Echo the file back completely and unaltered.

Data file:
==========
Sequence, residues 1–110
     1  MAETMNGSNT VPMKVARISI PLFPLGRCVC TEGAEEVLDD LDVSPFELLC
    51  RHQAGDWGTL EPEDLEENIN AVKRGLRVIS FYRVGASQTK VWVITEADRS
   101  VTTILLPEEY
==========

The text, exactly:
Sequence, residues 1–110
     1  MAETMNGSNT VPMKVARISI PLFPLGRCVC TEGAEEVLDD LDVSPFELLC
    51  RHQAGDWGTL EPEDLEENIN AVKRGLRVIS FYRVGASQTK VWVITEADRS
   101  VTTILLPEEY